Faced with rising legal expenses on more than one front, Aquinnah will hold a special town meeting Tuesday to see if voters will transfer $125,000 into the town’s 2020 legal budget.

The four-article town meeting will begin at 7 p.m. on Oct. 22 in the old town hall off State Road. Longtime moderator Michael Hebert will preside; a quorum of 38 is needed to convene.

The town has been engaged in a years-long legal battle with the Wampanoag Tribe of Gay Head (Aquinnah) over the construction of a proposed bingo hall on tribal land within the town. The issue with the tribe is the primary source of the town’s rising legal expenses, although town administrator Jeffrey Madison said at a recent meeting that litigation over ownership of a small Menemsha fishing shack and property off Moshup Trail have also racked up legal bills.

“I expect there will be a full discussion on why we need the money,” Mr. Madison said.

The town recently won a major legal victory after a federal court judge ruled that the tribe would have to obtain local building permits before beginning construction on the facility. But the two sides have engaged in a number of smaller legal skirmishes since, ending with a temporary truce earlier this fall and the tribe filing a notice of appeal in the U.S. Court of Appeals on the question of building permits.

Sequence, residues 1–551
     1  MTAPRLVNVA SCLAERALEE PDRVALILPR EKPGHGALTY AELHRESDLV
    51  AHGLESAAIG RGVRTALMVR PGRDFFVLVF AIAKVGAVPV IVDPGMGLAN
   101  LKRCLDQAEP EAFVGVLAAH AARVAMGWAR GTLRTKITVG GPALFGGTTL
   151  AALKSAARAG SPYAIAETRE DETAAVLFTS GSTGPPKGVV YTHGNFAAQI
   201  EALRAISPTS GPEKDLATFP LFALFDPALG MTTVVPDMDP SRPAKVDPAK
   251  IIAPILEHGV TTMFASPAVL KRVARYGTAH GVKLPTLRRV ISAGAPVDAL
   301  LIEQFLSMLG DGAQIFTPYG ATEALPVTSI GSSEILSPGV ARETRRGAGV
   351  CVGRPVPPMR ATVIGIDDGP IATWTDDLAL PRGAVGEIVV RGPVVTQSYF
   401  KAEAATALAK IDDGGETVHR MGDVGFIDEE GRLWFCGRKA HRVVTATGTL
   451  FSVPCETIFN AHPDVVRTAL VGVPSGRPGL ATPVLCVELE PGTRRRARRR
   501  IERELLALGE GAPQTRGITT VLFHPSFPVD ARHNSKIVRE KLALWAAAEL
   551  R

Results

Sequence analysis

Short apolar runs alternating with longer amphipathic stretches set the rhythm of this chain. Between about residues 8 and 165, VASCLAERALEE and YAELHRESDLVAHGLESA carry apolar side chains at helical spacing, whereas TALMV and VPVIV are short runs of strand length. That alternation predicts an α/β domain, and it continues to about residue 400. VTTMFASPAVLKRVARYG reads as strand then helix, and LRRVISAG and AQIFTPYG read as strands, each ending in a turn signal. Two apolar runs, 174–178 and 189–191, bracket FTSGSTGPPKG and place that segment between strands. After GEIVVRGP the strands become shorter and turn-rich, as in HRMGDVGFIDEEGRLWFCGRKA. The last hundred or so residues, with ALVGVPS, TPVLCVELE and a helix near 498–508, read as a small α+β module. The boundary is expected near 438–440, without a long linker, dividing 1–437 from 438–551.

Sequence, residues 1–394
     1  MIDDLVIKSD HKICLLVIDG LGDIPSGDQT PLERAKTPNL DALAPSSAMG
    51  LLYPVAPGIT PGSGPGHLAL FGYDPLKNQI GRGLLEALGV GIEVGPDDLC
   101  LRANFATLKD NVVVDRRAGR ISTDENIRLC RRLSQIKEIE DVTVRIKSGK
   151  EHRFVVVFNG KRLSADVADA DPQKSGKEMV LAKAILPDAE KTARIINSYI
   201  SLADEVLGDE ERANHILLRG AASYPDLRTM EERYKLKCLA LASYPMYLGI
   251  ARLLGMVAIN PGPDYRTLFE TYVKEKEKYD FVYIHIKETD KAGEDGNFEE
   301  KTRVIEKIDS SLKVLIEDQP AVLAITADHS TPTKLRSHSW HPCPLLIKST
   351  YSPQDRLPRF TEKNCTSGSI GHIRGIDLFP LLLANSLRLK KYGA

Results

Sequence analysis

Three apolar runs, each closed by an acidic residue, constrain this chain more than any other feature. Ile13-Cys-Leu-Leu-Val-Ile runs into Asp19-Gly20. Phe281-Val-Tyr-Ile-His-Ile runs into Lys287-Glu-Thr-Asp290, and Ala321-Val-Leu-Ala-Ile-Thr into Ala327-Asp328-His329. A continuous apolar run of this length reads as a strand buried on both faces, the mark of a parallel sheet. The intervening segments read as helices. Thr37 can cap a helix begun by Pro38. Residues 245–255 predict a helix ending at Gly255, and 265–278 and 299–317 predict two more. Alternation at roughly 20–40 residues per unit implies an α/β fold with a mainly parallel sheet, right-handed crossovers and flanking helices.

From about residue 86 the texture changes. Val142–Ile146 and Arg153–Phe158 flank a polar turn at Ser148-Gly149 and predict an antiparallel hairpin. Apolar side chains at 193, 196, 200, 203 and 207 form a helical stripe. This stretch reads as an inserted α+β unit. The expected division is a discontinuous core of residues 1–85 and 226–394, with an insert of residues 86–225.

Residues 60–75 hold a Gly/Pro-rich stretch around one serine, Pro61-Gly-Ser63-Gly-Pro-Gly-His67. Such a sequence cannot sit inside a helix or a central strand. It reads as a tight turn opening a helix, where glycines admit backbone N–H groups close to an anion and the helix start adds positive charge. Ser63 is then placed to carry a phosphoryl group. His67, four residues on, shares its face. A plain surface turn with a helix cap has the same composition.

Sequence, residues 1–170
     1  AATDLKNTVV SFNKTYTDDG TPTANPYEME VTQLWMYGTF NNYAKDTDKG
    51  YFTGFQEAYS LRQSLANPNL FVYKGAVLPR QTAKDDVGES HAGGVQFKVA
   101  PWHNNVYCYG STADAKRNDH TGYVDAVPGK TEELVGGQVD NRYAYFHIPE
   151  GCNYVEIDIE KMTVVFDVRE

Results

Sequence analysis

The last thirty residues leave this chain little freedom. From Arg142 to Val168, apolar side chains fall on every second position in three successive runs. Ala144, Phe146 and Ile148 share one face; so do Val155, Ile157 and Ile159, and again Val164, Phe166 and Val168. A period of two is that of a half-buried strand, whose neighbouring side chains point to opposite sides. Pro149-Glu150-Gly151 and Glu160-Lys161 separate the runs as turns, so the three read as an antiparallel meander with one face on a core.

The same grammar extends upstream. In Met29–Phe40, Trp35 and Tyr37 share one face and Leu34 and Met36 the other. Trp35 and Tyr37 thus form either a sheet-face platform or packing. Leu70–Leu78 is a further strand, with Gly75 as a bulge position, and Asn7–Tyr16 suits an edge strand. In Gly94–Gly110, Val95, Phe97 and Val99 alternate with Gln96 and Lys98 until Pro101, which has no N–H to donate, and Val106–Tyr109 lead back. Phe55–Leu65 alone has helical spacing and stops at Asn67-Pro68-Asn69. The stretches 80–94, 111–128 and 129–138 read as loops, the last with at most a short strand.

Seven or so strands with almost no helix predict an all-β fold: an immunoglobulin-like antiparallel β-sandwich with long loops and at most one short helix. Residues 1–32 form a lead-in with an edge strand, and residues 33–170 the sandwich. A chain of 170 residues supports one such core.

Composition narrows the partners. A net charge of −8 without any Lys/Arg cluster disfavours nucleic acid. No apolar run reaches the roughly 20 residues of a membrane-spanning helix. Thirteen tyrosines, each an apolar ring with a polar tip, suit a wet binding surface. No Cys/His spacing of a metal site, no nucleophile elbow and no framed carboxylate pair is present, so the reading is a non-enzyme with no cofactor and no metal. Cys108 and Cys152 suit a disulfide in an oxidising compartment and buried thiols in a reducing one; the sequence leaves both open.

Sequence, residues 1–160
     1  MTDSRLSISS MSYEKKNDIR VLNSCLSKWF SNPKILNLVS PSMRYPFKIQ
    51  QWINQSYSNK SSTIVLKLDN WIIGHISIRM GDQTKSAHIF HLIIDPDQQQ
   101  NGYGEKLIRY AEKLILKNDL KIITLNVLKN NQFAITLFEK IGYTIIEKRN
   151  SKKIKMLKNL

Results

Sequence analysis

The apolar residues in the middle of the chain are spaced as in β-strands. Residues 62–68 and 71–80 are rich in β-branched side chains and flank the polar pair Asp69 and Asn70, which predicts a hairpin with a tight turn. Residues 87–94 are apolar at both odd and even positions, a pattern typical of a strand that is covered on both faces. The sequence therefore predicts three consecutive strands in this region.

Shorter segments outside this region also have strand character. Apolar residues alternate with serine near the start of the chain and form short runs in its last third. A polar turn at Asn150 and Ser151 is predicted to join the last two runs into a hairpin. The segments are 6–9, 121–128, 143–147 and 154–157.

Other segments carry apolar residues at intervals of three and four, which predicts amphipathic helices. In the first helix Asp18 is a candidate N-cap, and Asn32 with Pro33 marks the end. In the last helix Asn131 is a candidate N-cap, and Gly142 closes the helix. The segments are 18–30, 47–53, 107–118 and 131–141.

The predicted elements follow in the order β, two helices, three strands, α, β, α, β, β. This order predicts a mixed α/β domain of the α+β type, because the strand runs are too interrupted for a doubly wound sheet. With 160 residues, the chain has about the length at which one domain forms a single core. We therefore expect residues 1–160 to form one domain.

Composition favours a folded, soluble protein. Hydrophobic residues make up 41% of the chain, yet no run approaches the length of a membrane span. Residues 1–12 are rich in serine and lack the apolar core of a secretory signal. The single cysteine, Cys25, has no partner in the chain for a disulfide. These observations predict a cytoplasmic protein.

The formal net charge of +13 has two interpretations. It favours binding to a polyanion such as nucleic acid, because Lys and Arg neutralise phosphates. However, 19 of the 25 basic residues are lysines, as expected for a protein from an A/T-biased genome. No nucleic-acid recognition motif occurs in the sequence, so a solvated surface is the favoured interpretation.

Along with town counsel Ron Rappaport, the town has retained the services of the Boston law firm Goodwin to litigate the casino case.

The $125,000 would come from the town’s stabilization account. Because voters already allocated $95,000 for the legal budget at the annual town meeting in April, the transfer would increase the line item to $220,000 for the 2020 fiscal year.

The second article on the warrant asks voters to allocate $8,990 to fund the town’s proportionate share of proposed upgrades to the Dukes County regional emergency communication system.

Article three asks voters to green-light the sale of a landlocked parcel that the town owns at the top of Pancake Hollow Road. The article stipulates that if voters approve, the town cannot sell the property for less than $450,000.

The last article on the warrant asks voters to appropriate money from Community Preservation Act revenues for a trifecta of CPC projects. The first asks for $8,000 for costs associated with rototilling and planting sod in Lighthouse Park. The other two projects involve improvements to the former Manning property just south of the Gay Head Light.

The town bought the .37-acre property in 2014 for $590,000. Although it was used as a staging ground for construction equipment during the Gay Head Light move, the town now has plans to revitalize the buildings. The warrant article requests $20,000 for the installation of composting toilets and $25,000 for costs associated with a master plan to lower, move and regrade one of the homes.